Wilderness Heals

Thank you for visiting the Wilderness Heals blog. Wilderness Heals is an all-women, three-day annual pledge hike that benefits the Elizabeth Stone House (ESH), a Boston-based emergency shelter, transitional housing program, and therapeutic community that provides services to women and children who are escaping violence and overcoming trauma. By encouraging hikers to set challenging physical, emotional, and financial goals, Wilderness Heals mirrors the experiences of hundreds of women who have sought help from the Stone House. Committing to hike is a way to grow personally while simultaneously standing in solidarity with women of the Stone House and women everywhere who are working to overcome the effects of violence in their lives.
Wilderness Heals 2011 will take place July 15-17, 2011. Registration materials may be downloaded here.
Go here to view the 2011 routes, and visit our Who's Who page to meet this year's team leaders and Recruitment Committee members.
Want to learn more? Visit our list of Frequently Asked Questions.
Still have questions? Contact Erika Whyte, Wilderness Heals event coordinator, at 781-726-0551 or ewhyte@elizabethstone.org.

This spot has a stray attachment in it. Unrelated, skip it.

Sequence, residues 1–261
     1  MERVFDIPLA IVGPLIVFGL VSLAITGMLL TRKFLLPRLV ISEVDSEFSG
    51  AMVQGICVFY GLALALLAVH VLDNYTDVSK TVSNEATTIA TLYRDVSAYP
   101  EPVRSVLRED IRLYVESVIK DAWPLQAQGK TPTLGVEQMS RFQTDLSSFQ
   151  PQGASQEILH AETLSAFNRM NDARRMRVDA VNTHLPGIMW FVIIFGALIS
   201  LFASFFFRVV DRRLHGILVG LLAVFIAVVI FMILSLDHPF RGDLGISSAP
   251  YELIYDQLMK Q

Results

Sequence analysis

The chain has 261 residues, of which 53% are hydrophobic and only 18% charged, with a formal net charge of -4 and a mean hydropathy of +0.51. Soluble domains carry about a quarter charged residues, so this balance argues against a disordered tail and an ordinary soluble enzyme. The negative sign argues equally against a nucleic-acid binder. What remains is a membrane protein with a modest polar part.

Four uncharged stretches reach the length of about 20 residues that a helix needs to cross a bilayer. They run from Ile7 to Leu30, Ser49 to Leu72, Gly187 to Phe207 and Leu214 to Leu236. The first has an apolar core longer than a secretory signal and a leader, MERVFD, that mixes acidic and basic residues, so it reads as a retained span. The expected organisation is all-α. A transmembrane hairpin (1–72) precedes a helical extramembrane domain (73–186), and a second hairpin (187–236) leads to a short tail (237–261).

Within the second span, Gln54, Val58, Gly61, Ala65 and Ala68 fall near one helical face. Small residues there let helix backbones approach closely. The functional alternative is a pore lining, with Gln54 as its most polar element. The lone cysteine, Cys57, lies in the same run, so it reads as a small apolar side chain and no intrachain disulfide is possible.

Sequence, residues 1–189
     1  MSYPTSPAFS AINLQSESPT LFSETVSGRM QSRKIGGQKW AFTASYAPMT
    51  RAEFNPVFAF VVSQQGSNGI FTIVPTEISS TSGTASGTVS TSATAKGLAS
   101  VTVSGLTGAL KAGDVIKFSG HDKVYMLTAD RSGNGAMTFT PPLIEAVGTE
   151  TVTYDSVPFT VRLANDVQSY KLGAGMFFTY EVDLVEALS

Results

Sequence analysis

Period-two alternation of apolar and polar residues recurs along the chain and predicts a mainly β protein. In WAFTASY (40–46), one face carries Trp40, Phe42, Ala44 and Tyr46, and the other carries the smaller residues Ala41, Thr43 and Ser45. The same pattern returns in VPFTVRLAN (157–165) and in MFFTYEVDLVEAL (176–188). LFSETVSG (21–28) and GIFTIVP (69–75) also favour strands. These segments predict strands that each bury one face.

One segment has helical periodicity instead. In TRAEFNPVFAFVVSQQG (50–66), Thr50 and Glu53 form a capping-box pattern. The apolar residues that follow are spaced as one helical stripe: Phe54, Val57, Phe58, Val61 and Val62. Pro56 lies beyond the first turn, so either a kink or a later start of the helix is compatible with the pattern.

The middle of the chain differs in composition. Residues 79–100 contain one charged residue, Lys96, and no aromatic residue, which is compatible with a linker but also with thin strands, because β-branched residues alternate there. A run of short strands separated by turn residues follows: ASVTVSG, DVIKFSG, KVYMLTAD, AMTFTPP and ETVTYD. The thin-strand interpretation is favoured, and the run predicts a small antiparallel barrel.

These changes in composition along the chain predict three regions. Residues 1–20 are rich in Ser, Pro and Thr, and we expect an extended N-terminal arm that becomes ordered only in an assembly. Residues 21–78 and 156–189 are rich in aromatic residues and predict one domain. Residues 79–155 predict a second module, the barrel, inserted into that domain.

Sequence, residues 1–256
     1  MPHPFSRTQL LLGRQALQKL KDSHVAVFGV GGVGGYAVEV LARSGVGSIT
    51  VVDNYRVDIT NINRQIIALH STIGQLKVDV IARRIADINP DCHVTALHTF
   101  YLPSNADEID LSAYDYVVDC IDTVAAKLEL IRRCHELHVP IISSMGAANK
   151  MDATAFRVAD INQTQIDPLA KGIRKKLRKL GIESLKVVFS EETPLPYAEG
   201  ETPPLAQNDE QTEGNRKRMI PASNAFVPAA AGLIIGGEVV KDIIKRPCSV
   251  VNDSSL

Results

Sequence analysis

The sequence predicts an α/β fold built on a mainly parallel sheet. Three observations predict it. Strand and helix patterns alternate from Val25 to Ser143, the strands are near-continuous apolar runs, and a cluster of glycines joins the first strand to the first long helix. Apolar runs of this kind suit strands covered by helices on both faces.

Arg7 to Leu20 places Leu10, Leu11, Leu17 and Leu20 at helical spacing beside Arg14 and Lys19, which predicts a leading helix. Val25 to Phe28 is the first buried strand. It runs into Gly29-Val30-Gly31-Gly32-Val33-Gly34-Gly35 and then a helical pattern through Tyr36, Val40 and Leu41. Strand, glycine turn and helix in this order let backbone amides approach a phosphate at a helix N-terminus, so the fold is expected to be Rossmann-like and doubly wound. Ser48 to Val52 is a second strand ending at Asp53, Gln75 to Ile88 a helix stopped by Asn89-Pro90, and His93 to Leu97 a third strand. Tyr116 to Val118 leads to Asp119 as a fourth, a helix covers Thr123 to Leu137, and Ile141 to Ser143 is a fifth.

Tuesday, July 14, 2009

News Flash: Wilderness Heals Hikers Discover New Old Man of the Mountain on Jefferson

New Hampshire's most iconic landmark, the Old Man of the Mountain--a series of five granite cliff ledges that, when viewed from the correct angle, appeared to be the jagged profile of a face--collapsed on May 3, 2003. But during a recent training hike on the 5,712-foot Mount Jefferson, Wilderness Heals hikers discovered another Old Man of the Mountain--on the Caps Ridge Trail. Above: Victoria, Trish, Laura, Amy, Esther, Christine, and Beth set off for the summit of Mount Jefferson.

Laura, Esther, and Christine take a break on the Caps Ridge Trail.

Although round-trip mileage for Mount Jefferson is short at five miles, the trek up the Caps Ridge Trail is notoriously one of the most difficult hikes in the Whites. It's enormous boulders and multiple false summits, as well as the region's unpredictable weather patterns, make Jefferson far more challenging than its mileage suggests. Above: Hikers make their way through fog on the Caps Ridge Trail.

Hikers looked up to see the new Old Man of the Mountain looming in the fog.

Although the group did not summit Mount Jefferson, they enjoyed stunning views from numerous false summits. Above: Beth, Trish, Esther, Christine, Laura, Amy, and Victoria gaze into the Great Gulf Wilderness.

Clearly, this hike involved a lot of scrambling down muddy slabs and boulders.

Sadly, Christine's pants were a casualty of the hike. It's a good thing she had all of her required safety gear, including her long underwear!

Friday, July 10, 2009

Choose Your Own Adventure on Mounts Morgan and Percival